A global child advocacy organization says if disaster struck in the Quad Cities, our schools and day cares would not be ready.
Save the Children developed a list of criteria to help states better protect children during and immediately after disasters. The organization looks each year to see whether each state has laws in place to require day cares and schools meet basic disaster-survival criteria.
More than half of all states, including Iowa and Illinois, don't meet minimum standards set by the National Commission on Children and Disasters for a basic emergency plan for child care and schools.
Save the Children wants each state to require a multi-hazard plan for all K-12 schools. In day care settings, they want states to require a plan for children with disabilities and those with access and functional needs; a plan for evacuating children in child care and a plan for reuniting families after a disaster.
“I definitely think it’s unacceptable...We’ve put this report card out since 2008 and we’ve seen some progress, but 28 states are still not meeting these minimum standards," said Rich Bland, Senior Director of Advocacy and Policy at Save the Children. "If the rough number in family childcare is 40%, if 40% in family childcare are not required to have this, depending on which state, they’re really unsafe in the case of emergencies because the providers haven’t practiced.”
Save the Children offers a map illustrating how all states fared in their preparedness assessment. From their map, you can share your state's results on social media or be linked to a letter you can send to your governor, asking for legislative action to improve regulations concerning disaster preparedness in schools and day cares.
The Save the Children report says Illinois requires a disaster plan for K-12 schools, but day cares are not required to have a written plan for reuniting kids with their families or to have a plan for helping children with special needs in a disaster. Day care evacuation plans in Illinois focus primarily on fire and tornado evacuations and don't address the potential need to relocate or evacuate for other emergencies.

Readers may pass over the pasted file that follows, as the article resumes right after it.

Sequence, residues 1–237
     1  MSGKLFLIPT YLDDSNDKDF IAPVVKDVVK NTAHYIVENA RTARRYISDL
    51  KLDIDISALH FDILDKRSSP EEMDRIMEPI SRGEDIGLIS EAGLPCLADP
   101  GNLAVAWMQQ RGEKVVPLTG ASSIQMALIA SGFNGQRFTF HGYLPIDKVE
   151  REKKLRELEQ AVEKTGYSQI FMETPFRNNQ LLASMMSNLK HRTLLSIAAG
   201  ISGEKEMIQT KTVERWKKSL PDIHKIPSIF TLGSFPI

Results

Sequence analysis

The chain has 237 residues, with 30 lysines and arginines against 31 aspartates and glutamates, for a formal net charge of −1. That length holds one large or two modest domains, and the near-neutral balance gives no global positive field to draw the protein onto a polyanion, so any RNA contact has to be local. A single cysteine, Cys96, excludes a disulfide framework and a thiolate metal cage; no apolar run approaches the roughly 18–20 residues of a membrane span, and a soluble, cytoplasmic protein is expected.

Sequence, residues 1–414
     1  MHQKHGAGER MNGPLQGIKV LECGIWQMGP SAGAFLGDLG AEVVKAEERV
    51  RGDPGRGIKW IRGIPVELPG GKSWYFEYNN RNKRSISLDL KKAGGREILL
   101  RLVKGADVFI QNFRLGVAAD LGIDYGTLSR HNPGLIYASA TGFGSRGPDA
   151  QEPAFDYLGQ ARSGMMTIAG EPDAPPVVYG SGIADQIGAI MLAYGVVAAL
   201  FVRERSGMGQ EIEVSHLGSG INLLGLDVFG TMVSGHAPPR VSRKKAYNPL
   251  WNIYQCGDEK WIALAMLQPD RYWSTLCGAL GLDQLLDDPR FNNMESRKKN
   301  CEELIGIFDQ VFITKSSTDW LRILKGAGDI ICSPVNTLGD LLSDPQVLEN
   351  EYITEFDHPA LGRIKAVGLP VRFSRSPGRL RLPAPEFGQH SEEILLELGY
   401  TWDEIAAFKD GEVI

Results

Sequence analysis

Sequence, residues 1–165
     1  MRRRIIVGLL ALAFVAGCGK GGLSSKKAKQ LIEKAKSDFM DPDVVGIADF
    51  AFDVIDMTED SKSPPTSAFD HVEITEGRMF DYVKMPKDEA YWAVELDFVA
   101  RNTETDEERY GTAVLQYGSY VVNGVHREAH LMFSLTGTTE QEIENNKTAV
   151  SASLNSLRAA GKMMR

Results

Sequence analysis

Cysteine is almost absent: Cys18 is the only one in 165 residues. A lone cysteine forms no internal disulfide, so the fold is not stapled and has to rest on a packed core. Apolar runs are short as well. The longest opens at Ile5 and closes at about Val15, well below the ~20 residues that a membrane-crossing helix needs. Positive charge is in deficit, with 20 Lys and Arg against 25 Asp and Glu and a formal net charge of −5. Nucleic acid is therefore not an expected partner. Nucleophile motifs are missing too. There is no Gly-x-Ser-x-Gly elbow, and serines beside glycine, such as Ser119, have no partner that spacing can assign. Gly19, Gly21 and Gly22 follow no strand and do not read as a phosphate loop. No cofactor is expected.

“I get why we got the grade that we got. It shows that we have some work to do and luckily this is a really good time for us because we're doing the work,” said Karen Hawkins, Spokesperson for the Illinois Department of Child and Family Services.
Hawkins says a variety of agencies are working together to come up with a state-wide plan for disaster preparedness for childcare providers.
“We have some of the most stringent licensing standards in the country and I feel like every day care provider in Illinois is required to have fire and evacuation drills. They're required to have some kind of alert system so that they know when severe weather is coming, for instance, so I don't think parents should be worried,” said Hawkins.
“I would say very simply that the study you're referring to is just very different from what we require by Iowa law,” said Amy Lorentzen-McCoy, Public Information Officer for the Iowa Department of Health.
In Iowa, Childcare Centers, which have seven more children are required to have an emergency plan for responding to multiple disasters, including floods, intruders and chemical spills. They are also required to have written procedures for transporting children and notifying parents. They are also to have specific considerations for immobile children.
"I think Iowa's lawmakers have provided for very safe environments for the children in Iowa and especially at the license care centers where they've covered just about any type of experience that could happen,” said Lorentzen-McCoy. “I think Iowa lawmakers just trust in that good Iowa common sense where parents will be communicating with their direct small care provider on issues like that."
Iowa also has no state law requiring school districts to have a K-12 multi-disaster plan.
“There's a lot of local control. Iowa is a very local control state that would be another example of when local control comes into play where the school board and the school district make their own decision,” said William Decker, Chief Administrator for Mississippi Bend Area Education Agency. He says local control might allow more freedom than it should, but that he believes Iowa schools are safe.
While most school districts do have some type of disaster plan, they can range from very comprehensive and detailed to very basic. After the shooting at Sandy Hook Elementary in Newtown, Connecticut, many districts began work to overhaul their plans and policies for dealing with disaster.
“Even though there is variety, I do think that kids are in safe places and I think there are a lot of studies that school is the safest place for kids to be anywhere,” said Decker.
Click 8-21-2013.Rule.441.110.5 to view Licensing Standards for Child Development Homes in Iowa